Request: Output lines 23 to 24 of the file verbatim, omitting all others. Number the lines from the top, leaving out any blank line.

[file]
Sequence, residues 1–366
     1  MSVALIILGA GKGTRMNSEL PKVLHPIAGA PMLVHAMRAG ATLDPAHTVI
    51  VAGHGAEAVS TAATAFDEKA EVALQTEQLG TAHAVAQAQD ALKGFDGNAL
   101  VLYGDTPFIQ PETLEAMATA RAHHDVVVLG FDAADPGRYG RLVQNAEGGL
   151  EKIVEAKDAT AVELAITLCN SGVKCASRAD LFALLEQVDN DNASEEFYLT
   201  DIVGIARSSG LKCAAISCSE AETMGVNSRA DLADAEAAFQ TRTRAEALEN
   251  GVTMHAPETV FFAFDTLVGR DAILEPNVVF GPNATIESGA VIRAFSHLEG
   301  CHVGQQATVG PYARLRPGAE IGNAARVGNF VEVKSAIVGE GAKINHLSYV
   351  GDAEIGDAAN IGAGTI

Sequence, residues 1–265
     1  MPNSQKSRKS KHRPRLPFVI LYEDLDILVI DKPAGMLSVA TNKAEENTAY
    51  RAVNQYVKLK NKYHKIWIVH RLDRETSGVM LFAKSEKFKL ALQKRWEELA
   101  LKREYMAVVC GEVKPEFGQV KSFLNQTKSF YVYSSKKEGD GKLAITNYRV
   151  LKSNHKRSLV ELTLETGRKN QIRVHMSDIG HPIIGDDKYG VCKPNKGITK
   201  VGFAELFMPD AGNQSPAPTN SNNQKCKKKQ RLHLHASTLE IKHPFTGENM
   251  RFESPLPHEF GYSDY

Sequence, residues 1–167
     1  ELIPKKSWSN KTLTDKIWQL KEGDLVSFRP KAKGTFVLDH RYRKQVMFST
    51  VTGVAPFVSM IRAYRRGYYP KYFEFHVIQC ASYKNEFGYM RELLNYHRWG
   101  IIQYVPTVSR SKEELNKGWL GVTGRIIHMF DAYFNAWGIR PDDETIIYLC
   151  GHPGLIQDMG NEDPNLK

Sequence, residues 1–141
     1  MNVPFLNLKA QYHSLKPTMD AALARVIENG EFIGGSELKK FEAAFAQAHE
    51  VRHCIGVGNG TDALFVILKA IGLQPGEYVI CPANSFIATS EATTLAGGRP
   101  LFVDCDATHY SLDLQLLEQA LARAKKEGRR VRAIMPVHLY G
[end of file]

     1  MNVPFLNLKA QYHSLKPTMD AALARVIENG EFIGGSELKK FEAAFAQAHE
    51  VRHCIGVGNG TDALFVILKA IGLQPGEYVI CPANSFIATS EATTLAGGRP